Save the Last Dance enjoyed a profitable release in early 2001, with box-office earnings that exceeded anyone's expectations. Its performance illustrates the staying power of a formulaic movie that avoids the pitfalls and clichés that would otherwise render it forgettable. Since there's nothing new here, you'll appreciate the original quirks in a character-based plot that's just around the corner from Flashdance, and just as familiar. Sara (Julia Stiles) gave up a promising ballet career when her mother was killed while rushing to attend her daughter's crucial audition to Juilliard; Sara blames herself for the accident, and at her new, mostly African American high school in Chicago, she's uncertain of her future. Derek (Sean Patrick Thomas) has no such doubts; his own future is bright, and his attraction to Sara is immediate; they connect (predictably), and Sara's dormant funk emerges, with Derek's coaching, as she learns hip-hop dancing in a local club. Obligatory subplots are equally routine: Derek's sister (Kerry Washington) is a single mom struggling with her child's absentee father; Derek's best friend (Fredro Starr) feels trapped in his gangsta lifestyle; and Sara's once-estranged father (Terry Kinney) is doing his best to correct past mistakes. Within the confines of this standard follow-your-dream drama, director Thomas Carter capitalizes on a script that allows these characters to be real, intelligent, and thoughtful about their lives and their futures. It's obvious that Stiles's dancing was intercut with that of a professional double, but that illusion hardly matters when the rest of the movie's so earnestly positive and genuine. --Jeff Shannon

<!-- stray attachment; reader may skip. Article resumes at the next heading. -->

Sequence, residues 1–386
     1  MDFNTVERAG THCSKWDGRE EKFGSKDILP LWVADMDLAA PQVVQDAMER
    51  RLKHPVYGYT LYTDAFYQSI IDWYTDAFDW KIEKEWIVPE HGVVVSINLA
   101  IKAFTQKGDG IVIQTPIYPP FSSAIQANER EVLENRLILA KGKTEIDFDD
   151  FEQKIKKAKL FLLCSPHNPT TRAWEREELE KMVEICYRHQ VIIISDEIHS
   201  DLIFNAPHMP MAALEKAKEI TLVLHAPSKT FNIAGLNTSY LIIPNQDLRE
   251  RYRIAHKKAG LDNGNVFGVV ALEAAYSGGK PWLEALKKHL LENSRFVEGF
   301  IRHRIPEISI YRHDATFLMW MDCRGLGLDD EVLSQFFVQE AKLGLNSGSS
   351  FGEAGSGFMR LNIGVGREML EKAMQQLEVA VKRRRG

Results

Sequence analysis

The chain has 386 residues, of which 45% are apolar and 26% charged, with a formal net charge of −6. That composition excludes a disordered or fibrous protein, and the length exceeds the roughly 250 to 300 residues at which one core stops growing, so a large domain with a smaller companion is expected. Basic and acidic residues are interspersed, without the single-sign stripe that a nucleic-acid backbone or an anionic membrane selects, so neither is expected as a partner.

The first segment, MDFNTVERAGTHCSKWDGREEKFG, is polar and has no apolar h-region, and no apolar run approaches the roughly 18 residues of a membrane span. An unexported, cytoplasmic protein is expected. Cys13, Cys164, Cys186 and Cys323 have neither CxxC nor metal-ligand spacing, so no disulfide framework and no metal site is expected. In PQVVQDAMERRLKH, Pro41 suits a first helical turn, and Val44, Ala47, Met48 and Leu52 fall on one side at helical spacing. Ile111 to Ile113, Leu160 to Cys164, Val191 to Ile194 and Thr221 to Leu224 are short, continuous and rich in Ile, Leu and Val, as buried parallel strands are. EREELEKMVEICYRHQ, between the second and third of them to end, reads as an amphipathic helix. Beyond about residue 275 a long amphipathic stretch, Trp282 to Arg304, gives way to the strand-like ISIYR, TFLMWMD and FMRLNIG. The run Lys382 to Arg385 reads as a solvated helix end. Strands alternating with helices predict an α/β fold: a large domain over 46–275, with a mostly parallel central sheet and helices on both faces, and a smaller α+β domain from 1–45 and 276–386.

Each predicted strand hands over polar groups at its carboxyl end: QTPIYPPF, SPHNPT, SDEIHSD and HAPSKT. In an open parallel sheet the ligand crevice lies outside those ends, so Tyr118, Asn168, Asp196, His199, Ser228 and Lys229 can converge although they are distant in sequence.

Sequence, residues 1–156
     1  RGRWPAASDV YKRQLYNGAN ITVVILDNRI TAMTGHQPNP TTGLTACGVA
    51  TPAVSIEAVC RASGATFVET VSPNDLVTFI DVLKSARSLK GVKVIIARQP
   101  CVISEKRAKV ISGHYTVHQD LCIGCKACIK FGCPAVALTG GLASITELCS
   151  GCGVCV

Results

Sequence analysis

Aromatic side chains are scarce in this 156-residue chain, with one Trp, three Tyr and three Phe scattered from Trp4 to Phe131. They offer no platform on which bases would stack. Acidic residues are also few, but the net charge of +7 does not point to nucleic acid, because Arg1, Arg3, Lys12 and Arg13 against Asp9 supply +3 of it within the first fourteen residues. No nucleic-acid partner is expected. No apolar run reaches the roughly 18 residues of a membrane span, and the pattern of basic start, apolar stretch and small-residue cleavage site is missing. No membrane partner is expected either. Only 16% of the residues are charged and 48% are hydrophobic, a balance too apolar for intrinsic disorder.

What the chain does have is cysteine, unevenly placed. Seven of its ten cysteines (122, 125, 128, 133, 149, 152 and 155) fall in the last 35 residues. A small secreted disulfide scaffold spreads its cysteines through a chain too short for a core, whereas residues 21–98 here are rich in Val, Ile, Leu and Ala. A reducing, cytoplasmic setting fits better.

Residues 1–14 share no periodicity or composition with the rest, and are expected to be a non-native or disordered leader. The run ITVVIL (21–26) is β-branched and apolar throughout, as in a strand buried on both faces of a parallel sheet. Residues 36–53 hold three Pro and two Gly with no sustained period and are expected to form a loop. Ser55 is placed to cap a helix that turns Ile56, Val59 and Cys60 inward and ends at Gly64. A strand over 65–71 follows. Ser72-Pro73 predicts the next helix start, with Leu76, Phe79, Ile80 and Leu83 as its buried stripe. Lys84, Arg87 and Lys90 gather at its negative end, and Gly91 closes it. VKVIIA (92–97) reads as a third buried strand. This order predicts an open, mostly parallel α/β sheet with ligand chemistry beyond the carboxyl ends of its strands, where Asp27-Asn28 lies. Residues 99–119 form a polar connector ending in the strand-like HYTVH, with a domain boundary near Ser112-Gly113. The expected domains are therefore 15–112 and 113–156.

How you doin'?
Why don't you ask how your son is doing? Thats a line you havn't tried in a while.
Why you always gotta jump off on my like that?
Why you gotta be like you are?
Ah, come on, you know you wanna dance with me. Thats what you came here for, to yell at me, and to dance with me.